How proposed distracting driving law could impact Va. drivers

RICHMOND, Va. (WRIC) — When should you be able to use your phone while driving? That’s the basis of a bipartisan bill lawmakers are debating in Richmond.

Del. Chris Collins (R-Frederick) introduced the legislation. He’s a former police officer and a lawyer.

“The goal is to try and prevent people from utilizing their phone in such a way that they take their eyes off the road for a significant amount of time. That’s where accidents are caused,” said Collins.

Right now, drivers can get fined for reading emails and texts or typing to communicate while driving.

But other screen time is still legal.

“So if an officer pulls somebody over and they say, ‘I saw you texting.’ And they say, ‘Oh, no. I was on Facebook. I was Facebooking.’ That’s not a crime and so a case would be dismissed in court,” said Collins.

His bill, HB181, would change that. It says any use of a handheld device, like a cell phone, that “substantially diverts the driver’s attention” should be punishable by a fine of up to $500.

There would be exceptions for working emergency personnel, drivers reporting emergencies and drivers who are lawfully parked or stopped.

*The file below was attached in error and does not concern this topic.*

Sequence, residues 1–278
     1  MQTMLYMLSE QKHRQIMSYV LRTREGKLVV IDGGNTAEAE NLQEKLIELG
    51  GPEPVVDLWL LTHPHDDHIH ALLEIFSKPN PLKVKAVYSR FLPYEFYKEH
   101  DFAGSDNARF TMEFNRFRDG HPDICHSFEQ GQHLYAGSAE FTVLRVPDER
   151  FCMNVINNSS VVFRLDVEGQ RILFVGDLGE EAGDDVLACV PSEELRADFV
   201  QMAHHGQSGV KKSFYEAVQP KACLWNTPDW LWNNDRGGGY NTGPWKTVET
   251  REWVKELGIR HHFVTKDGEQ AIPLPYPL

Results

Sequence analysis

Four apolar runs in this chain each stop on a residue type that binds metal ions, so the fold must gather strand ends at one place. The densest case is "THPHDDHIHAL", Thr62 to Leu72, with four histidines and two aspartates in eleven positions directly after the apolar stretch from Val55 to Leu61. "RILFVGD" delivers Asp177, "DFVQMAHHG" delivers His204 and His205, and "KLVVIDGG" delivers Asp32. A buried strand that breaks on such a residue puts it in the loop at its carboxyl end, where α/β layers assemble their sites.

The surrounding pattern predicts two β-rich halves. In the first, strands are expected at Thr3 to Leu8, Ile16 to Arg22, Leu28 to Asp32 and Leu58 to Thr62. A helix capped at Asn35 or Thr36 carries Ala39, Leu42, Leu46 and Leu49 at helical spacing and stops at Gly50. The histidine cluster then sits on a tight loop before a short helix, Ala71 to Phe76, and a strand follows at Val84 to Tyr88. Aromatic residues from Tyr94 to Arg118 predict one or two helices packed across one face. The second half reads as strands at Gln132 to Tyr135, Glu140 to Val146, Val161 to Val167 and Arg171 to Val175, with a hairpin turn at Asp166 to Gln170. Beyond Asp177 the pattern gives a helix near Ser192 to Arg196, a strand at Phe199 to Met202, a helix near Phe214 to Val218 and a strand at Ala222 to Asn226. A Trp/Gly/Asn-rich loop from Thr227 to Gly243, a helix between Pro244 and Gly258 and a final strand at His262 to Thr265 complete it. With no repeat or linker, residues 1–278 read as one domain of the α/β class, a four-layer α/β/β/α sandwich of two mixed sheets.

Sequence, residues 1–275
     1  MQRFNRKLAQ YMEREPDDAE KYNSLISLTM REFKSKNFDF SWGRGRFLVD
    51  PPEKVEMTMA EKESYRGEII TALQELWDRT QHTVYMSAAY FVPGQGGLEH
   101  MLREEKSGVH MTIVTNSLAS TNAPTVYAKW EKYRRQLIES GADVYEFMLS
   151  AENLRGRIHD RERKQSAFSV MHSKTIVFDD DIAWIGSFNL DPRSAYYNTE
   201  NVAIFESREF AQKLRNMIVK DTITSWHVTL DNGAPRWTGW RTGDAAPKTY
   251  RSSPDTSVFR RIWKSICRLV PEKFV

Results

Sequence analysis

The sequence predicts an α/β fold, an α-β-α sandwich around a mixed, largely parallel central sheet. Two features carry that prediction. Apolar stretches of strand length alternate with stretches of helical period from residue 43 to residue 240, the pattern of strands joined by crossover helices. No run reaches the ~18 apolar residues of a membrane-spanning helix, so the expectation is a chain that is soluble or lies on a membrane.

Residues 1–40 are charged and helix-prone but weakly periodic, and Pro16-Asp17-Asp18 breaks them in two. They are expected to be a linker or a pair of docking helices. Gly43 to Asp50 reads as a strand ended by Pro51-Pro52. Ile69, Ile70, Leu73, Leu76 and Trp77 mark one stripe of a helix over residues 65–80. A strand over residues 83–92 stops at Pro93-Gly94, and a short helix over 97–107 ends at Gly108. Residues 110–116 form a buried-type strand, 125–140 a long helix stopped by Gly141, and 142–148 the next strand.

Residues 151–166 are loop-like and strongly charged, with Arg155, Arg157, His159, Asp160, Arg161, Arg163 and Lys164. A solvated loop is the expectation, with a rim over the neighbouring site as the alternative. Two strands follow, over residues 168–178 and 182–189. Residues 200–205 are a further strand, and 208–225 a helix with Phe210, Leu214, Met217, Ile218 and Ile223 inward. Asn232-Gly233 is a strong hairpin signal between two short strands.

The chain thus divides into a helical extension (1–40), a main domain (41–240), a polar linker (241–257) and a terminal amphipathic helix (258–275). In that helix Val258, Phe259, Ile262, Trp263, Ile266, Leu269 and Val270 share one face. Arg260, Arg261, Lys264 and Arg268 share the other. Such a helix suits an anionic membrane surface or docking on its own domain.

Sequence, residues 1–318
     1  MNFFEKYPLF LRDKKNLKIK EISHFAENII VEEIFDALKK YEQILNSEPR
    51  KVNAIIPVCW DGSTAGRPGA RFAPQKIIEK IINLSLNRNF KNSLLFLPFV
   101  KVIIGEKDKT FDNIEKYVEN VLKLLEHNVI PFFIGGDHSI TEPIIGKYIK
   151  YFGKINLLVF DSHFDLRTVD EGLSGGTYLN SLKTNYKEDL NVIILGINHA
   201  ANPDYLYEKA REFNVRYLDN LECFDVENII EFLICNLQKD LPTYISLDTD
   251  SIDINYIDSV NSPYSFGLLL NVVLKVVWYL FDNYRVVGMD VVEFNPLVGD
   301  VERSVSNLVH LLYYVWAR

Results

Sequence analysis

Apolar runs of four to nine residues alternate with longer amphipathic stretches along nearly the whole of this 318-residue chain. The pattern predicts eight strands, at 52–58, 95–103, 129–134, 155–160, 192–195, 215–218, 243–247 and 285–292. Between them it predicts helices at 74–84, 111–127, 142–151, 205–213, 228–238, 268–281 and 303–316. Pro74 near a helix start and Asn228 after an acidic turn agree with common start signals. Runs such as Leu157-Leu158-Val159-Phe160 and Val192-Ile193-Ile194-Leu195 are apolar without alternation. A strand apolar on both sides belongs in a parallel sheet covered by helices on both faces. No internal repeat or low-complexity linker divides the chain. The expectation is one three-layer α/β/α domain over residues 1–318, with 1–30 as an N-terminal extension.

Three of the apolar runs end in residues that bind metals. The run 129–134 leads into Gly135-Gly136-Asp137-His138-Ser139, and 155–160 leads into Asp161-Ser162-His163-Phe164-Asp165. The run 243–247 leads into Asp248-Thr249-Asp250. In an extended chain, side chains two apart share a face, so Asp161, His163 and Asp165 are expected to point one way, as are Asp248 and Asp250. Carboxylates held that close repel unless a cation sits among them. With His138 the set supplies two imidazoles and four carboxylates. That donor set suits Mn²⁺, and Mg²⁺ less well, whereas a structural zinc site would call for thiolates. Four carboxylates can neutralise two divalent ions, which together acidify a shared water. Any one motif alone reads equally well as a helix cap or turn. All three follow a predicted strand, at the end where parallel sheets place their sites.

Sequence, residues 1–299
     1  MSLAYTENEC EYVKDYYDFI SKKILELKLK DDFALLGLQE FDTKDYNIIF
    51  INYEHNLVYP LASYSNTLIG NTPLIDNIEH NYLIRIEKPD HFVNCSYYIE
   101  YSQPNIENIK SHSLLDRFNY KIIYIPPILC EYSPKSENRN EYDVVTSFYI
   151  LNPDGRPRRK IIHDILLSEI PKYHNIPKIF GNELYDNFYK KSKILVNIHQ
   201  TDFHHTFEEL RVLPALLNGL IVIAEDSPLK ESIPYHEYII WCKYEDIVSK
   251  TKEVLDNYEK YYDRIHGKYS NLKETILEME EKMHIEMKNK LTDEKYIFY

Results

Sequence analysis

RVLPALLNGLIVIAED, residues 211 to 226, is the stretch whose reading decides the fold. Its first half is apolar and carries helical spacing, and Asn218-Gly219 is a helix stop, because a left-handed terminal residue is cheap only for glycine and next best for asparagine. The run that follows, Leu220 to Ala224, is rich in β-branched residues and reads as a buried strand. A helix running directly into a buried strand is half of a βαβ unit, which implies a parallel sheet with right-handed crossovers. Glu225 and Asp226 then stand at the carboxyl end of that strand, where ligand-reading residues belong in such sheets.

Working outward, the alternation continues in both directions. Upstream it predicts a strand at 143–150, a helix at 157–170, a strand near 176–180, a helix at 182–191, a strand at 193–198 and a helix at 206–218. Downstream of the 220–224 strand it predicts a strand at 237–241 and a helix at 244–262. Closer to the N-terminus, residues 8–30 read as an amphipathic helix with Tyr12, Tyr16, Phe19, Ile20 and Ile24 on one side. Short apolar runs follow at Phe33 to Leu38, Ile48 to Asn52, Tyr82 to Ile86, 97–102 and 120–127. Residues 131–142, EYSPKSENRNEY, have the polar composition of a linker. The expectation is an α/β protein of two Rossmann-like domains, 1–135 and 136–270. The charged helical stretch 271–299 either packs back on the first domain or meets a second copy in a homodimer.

It passed the House.

In the Senate, there is a push to make it even stricter.

Lawmakers in that chamber are considering a substitute that would make Virginia a hands free state, like neighboring West Virginia.

That way, any time a driver is in motion behind the wheel, they can’t have a phone in their hands at all.

Sen. Scott Surovell (D-Fairfax) introduced the substitute.

Under his proposal, drivers would be able to use their device for GPS or music only if mounted to the windshield.

“Hands free is a better way to go,” Surovell said on the Senate floor Monday. “It’s easier to enforce.”

The substitute was agreed to.

But Sen. Mark Obenshain (R-Harrisonburg) did not support it. He thought it was too vague.

He said people could be punished for checking the time on their phone or for not having a tool to connect their GPS to the windshield.

“I suggest if we pass this, it’ll be the most violated law in the books that exists,” said Obenshain.

After discussion, the Senate decided to pass on a vote Monday.

Other possible changes are expected before lawmakers have a final vote. That includes how to ensure law enforcement uniformly enforce the law and that they track who is getting punished for violating it.

Collins said he has heard both sides of the debate and believes the legislation he introduced is a good compromise.

“As technology grows, I’m sure we will all be moving toward hands free,” he said. “But for right now I think, at least for the Virginia legislature, they’re a little cautious about that.”

The last day of session is March 10.

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